Since you didn't specify if you have sun or shade, soil moisture, etc., you may want to go back to the Native Plant Database and put in your own requirements. Follow each link to the webpage on that grass for information on height, propagation, etc. Since this is part of your yard, we tried to choose grasses that would be attractive on their own, and do well in a nice meadow planting.

Grasses for septic system in Poland, Indiana

Bouteloua curtipendula (sideoats grama)

Carex blanda (eastern woodland sedge)

Calamagrostis canadensis (bluejoint)

Chasmanthium latifolium (Inland sea oats)

Elymus canadensis (Canada wildrye)

Elymus villosus (hairy wildrye)

Hordeum jubatum (foxtail barley)

Schizachyrium scoparium (little bluestem)

Pictures from our Image Gallery:


Bouteloua curtipendula

Carex blanda

Calamagrostis canadensis

Chasmanthium latifolium

Elymus canadensis

Elymus villosus

Hordeum jubatum

Schizachyrium scoparium

 

 

 

 

More Septic Systems Questions

Desert Willow Roots from Lubbock, TX
September 18, 2014 - I have a very, very happy Desert Willow that has grown larger than we expected and is probably too close to the house. Do I need to worry about a cracked foundation or pipe problems? Thanks!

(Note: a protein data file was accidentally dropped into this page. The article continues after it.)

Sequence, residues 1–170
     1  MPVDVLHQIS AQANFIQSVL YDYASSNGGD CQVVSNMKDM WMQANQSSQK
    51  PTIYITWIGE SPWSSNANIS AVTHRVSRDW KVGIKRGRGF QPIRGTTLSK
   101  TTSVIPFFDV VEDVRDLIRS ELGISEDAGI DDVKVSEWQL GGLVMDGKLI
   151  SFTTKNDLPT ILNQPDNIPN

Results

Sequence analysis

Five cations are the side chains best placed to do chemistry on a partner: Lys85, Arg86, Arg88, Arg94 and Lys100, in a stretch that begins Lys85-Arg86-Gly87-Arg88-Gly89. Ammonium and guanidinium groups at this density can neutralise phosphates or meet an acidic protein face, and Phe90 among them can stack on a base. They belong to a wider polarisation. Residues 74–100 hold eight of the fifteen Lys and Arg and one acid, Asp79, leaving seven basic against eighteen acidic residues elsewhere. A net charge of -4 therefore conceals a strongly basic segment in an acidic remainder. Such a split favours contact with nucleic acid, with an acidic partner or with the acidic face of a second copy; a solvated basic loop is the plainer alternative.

view the full question and answer

Wildflowers and grasses for a septic field in Maine
November 18, 2010 - Mr. Smarty Pants: I want to know the length of root systems for native Maine wildflowers that will be planted over a septic system drain field in Maine. Also any grasses you can think of. This area ...
view the full question and answer

Length of root systems for wildflowers over septic system
March 29, 2009 - Mr. Smarty Pants: I want to know the length of root systems for native Kansas wildflowers that will be planted on a Wisconsin mound septic system, which is a special septic system partially above grou...
view the full question and answer

Tree for on top of sewer lines from San Antonio
March 16, 2013 - I am looking for an evergreen small tree with taproot to plant in a very small front yard near the sidewalk and possibly on top of or nearly on top of sewer lines. Would a Mt. Laurel be the choice? ...
view the full question and answer

Plants for aerobic septic system in Houston
February 03, 2011 - My husband and I would like to plants some trees and shrubs, but we have an aerobic system taking up most of the yard :( Can you recommend any trees that won't hurt that? Also shrubs for our weath...
view the full question and answer

Smarty Plants's Facebook profile Support the Wildflower Center by Donating Online or Becoming a Member today.

Mr. Smarty Plants wants you to be his Facebook friend. Click the Facebook icon to add yourself to Mr. Smarty Plants list of friends.
E-NEWSLETTER | BECOME A MEMBER | DONATE NOW | MEDIA | SITEMAP
© 2014 Lady Bird Johnson Wildflower Center